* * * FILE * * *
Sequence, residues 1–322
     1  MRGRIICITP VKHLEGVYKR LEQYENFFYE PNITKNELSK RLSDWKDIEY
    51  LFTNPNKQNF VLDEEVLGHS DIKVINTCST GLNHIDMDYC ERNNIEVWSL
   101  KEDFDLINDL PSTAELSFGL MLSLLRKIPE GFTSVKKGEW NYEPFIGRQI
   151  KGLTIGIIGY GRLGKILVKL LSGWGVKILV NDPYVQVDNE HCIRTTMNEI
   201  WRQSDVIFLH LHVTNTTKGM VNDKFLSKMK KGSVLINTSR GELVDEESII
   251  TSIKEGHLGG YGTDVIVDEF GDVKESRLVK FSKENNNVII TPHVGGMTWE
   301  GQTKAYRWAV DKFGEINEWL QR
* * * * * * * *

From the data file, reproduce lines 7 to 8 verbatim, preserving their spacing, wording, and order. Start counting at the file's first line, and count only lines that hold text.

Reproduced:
   251  TSIKEGHLGG YGTDVIVDEF GDVKESRLVK FSKENNNVII TPHVGGMTWE
   301  GQTKAYRWAV DKFGEINEWL QR